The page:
Skip to main content Skip to navigation

Coventry and Warwickshire community groups get funding boost from British Science Festival

  • Eight community groups in Coventry and Warwickshire to benefit from grants of £500
  • Funding will support activities for the British Science Festival that engage traditionally underrepresented audiences
  • Held in partnership with the University of Warwick, the British Science Festival will transform Coventry and Warwickshire into a celebration of science and culture from Tuesday 10 – Friday 13 September
  • More information:

British Science Festival 2019Eight community groups in Coventry and Warwickshire are to benefit from extra funding for activities that open up science to traditionally underrepresented groups as part of the British Science Festival held in partnership with the University of Warwick in September.

As part of its commitment to growing and diversifying the range of people interested and involved in science, the British Science Association (BSA) runs the British Science Festival Community Grants programme.

The intention of the scheme is to empower and support community groups to run their own science activities as part of the British Science Festival, in turn, enabling new local audiences to engage with science.

To this end, they are providing grants of £500 to community groups and organisations in Coventry and Warwickshire – where this year’s British Science Festival is taking place – that work directly with audiences who are traditionally underrepresented and not engaged in science activity.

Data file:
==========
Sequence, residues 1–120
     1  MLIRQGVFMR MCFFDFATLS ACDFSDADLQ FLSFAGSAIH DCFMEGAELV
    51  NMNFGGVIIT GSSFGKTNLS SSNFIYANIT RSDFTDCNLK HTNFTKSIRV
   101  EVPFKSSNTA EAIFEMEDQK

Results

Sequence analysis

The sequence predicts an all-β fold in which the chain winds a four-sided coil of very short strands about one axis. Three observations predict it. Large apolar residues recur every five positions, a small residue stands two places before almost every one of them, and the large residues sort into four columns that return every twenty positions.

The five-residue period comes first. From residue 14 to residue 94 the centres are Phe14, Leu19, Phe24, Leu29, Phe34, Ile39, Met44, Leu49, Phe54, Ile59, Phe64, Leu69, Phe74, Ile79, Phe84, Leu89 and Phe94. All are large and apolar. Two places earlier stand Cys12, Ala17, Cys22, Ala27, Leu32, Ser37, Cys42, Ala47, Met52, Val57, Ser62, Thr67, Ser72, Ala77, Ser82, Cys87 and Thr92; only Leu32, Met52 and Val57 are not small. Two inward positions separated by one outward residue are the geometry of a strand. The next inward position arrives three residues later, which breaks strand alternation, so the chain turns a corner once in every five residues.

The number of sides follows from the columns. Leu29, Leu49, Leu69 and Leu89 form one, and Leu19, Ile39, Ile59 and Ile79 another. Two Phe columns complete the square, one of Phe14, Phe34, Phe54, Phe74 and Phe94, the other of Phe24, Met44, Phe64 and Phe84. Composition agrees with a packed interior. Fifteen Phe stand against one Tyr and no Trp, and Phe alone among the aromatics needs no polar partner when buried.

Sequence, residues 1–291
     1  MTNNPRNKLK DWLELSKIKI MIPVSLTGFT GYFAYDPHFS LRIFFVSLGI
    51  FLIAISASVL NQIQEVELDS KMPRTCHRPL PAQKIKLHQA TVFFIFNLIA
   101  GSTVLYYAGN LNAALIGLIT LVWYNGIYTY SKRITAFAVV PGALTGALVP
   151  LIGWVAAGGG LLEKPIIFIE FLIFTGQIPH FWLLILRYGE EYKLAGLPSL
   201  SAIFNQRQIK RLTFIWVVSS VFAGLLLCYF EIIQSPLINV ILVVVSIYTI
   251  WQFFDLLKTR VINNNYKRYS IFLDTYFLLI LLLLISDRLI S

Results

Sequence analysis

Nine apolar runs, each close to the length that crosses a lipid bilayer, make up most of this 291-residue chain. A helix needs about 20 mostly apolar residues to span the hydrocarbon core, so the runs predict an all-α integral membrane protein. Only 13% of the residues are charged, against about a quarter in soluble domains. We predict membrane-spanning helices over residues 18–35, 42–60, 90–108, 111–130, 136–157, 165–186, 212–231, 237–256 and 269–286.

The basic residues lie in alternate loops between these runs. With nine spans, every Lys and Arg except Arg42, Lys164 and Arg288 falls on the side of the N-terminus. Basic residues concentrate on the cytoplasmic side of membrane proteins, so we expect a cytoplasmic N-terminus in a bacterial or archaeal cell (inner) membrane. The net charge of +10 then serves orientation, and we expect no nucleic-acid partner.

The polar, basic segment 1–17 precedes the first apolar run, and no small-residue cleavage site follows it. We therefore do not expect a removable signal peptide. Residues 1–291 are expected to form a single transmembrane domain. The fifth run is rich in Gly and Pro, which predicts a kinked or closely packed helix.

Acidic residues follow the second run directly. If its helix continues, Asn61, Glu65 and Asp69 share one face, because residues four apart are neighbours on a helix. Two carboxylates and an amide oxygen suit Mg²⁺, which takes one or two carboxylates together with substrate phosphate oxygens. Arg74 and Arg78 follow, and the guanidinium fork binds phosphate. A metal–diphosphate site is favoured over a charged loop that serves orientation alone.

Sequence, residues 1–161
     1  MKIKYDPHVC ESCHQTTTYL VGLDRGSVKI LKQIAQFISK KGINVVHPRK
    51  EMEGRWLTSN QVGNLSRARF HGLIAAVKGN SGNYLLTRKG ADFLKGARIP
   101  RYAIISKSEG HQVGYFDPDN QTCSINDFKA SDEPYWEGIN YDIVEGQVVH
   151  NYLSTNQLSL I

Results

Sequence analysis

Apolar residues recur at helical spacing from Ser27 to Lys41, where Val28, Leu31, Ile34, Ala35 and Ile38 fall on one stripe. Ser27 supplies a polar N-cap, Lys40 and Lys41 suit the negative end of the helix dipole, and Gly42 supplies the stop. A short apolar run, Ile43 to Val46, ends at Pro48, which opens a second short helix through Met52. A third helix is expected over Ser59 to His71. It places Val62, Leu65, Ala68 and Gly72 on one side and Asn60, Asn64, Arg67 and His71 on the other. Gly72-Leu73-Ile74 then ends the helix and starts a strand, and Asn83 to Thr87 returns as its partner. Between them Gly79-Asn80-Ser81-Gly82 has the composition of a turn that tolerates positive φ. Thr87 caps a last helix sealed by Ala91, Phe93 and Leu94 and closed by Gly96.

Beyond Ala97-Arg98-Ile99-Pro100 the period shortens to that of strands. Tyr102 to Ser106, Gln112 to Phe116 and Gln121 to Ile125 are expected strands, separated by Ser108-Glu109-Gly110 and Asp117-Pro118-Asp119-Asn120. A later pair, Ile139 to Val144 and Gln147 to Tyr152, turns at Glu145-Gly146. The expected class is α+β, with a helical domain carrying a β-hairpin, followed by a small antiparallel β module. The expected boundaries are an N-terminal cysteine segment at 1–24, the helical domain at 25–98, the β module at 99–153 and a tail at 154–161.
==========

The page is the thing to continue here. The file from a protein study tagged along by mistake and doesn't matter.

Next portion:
This year, the grants have been awarded to eight community groups. The events will reach a variety of different audiences including people with disabilities, the West Indian community, young people with additional needs and recovering addicts across Coventry and Warwickshire.

Jane Furze, Director of Public Engagement at the University of Warwick, said: “We are proud to call Coventry and Warwickshire our home and are pleased that the BSA’s Community Grants give us the opportunity to benefit small organisations within our broader local community.

“Our aim for the British Science Festival is to showcase and share innovation from within the region at a national event and get more people engaged with science, technology, engineering and mathematics, including inspiring young people. Research is not something that needs to take place behind closed doors - in many cases the general public and non-specialists are making valuable contributions to research, and we are keen to encourage that.”

Read more about each community group below:

ILEAP is a charity that runs inclusive activities for children, young people and adults with mild to moderate learning disabilities. They will be holding sessions at a garden space in The Kenilworth Centre to promote understanding around the biology of plants and nature.

Ayriss Recovery Coventry is a drug and alcohol outreach/support service that offers support to people experiencing addiction problems. They will be running a session to educate the service users on topics such as the differences that depressants and stimulants have on the body, better vein care and what happens to the body during an overdose.

West Indian Heritage Community Action works to support the needs of members of the African-Caribbean community in Coventry, running a range of cultural, social and community-based activities. For the Festival, the group will be working with a mathematician from the community who will run sessions to engage young people with the exciting world of numbers.

The Smallpeice Trust supports and inspires young people with STEM. They will be working with the home-education community, running a STEM enrichment day to ensure that children who are home educated can still access science. The day will include a hands-on design and build challenge.